When user receives an event from Amazon Cloud Watch that a node has high CPU usage (beyond a certain thresold) then this event can be seen within Slack messenger via the AWS Cloud Watch bot. But in order to remedy the situation user can add another node or scale out the node. To do any of this user will need to either use AWS console or AWS CLI from a terminal and leave the Slack messenger for that. That is where Amigo chatbot comes in.

What it does

Amigo chatbot enables user to execute any command that is supported by aws-cli from within slack.

How I built it

Amigo is designed to support multiple enterprise messengers and multiple cloud management. Amigo chatbot is a set of microservices deployed on a docker swarm cluster hosted on AWS. Amigo is written primarily in Java and uses Dropwizard framework and Quartz scheduler to implement the microservices. Each service is dockerized Java application that can be run within a Docker Swarm mode cluster. Following are the essential services:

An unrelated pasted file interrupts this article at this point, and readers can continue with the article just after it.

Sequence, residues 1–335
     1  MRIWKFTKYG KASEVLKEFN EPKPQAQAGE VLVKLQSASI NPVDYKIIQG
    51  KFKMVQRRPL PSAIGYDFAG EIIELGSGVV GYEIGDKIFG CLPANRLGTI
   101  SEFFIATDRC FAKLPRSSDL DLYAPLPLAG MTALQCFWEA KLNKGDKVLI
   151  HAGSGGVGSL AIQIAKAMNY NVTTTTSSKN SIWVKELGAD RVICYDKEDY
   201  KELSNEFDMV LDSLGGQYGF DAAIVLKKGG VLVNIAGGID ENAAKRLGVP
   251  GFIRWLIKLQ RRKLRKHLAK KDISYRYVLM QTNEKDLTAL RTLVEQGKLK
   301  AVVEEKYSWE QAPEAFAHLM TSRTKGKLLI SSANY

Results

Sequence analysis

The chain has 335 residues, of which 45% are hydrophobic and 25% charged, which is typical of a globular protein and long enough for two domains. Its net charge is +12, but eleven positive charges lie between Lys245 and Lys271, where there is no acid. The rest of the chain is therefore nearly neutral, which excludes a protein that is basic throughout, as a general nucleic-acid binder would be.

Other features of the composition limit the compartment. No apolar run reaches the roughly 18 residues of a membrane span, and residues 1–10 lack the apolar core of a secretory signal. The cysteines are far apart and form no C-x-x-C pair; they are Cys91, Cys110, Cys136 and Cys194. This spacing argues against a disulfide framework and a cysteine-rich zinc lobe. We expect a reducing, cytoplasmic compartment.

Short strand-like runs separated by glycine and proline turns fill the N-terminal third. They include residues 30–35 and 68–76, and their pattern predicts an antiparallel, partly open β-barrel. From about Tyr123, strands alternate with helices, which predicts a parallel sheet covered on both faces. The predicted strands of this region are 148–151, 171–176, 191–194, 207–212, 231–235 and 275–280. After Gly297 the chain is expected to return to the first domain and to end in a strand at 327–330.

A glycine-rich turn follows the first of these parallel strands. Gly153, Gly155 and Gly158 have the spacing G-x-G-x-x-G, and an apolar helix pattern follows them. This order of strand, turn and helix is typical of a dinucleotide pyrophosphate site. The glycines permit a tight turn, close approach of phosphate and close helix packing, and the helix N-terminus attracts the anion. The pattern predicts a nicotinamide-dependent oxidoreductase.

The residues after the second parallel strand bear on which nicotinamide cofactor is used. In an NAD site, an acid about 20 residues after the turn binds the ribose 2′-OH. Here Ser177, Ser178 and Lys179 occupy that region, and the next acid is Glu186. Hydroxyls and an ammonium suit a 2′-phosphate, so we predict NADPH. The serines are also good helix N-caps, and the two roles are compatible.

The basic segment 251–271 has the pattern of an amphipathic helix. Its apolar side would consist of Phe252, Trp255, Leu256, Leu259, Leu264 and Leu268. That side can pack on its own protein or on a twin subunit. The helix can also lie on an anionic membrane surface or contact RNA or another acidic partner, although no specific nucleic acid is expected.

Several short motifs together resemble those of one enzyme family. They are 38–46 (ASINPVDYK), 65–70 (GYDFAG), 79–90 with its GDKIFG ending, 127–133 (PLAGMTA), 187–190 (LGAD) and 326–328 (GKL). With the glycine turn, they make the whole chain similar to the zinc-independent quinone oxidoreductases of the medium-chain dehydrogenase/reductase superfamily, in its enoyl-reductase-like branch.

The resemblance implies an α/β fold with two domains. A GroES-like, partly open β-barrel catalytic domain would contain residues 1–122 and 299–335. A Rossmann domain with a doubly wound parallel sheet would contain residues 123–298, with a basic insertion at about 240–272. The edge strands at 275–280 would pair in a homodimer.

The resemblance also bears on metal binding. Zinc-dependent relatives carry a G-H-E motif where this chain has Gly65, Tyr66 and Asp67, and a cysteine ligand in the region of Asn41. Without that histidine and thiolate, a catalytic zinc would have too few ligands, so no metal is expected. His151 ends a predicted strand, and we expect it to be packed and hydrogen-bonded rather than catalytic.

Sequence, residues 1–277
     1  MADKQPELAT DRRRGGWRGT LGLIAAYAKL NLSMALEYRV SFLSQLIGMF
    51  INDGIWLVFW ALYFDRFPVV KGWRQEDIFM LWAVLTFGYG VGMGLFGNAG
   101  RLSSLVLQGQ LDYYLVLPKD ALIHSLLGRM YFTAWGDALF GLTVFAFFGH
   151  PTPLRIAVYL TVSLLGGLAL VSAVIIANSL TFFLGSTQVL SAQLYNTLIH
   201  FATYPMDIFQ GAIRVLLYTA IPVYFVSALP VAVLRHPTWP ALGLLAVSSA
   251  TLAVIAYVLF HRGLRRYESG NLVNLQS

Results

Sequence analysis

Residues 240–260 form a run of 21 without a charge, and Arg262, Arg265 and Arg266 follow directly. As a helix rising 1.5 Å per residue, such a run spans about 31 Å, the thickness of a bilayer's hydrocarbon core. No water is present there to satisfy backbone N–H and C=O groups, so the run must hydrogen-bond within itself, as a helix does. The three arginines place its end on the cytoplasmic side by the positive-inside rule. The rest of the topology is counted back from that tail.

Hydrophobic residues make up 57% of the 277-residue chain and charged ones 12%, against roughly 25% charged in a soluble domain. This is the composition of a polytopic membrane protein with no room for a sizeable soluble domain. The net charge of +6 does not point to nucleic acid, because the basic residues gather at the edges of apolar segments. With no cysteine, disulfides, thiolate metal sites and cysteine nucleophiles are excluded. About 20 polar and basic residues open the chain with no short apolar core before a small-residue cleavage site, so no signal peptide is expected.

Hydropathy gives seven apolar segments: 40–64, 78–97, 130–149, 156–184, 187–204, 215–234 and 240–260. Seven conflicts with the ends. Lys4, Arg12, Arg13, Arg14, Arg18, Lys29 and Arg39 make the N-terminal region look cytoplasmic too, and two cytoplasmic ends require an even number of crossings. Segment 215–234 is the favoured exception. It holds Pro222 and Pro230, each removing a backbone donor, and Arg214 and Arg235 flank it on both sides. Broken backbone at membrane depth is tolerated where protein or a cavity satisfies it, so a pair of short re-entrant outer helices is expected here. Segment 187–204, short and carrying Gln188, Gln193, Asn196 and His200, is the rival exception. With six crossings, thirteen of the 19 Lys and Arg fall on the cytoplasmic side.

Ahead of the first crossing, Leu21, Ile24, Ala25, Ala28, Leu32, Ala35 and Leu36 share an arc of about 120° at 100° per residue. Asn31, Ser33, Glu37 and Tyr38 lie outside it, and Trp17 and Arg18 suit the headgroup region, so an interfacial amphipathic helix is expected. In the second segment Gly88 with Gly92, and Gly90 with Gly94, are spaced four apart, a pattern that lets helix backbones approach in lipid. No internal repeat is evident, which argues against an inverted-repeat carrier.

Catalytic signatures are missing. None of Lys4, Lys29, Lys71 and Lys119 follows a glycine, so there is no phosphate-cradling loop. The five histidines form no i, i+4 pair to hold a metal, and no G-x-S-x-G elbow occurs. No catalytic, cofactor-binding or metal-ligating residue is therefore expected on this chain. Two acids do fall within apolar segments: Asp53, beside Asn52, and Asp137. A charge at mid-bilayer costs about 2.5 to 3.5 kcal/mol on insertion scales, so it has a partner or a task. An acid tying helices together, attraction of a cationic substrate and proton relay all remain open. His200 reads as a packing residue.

1. user-service
  2. user-db
  3. slackbot-service
  4. chatbot-service
  5. command-processor-service
  6. command-db Apache Kafka is the message queue that is used to hold the user messages for asynchronous processing. MongoDB is used for both user-db and command-db mentioned above.

Challenges I ran into

Debugging microservices when they run within a container orchestrator (like Docker Swarm) is painful. Docker logs will only show last all or N number of lines and don’t tail live. Running dockerized applications in debug mode requires extra tooling support from IDE so it can connect to the debugger agent on a container within the Swarm cluster.

We deployed the microservices running as separate processes on different ports on the local dev host to ease debugging.

Accomplishments that I'm proud of

Ability to execute all aws-cli commands from within Slack. Ability to easily upgrade the aws-cli docker image when a new version of aws-cli is available and that will automatically update all clients to support the new version of aws-cli without requiring any updates on the client or any change in code.

What I learned

Integration with enterprise messengers like Slack Developing microservices to run as docker containers Deployed in Docker swarm mode clusters Developing Mobile app using React Native Developing Web application using React.js Hosted in AWS public cloud

What's next for amigo-chatbot

Add support for other cloud providers: docker-cloud, gcloud, azure-cli Use Amazon Lex to write a wrapper bot thus extending Amigo’s features to several enterprise messengers. Add support for voice assistants like Amazon Alexa and Google Home.

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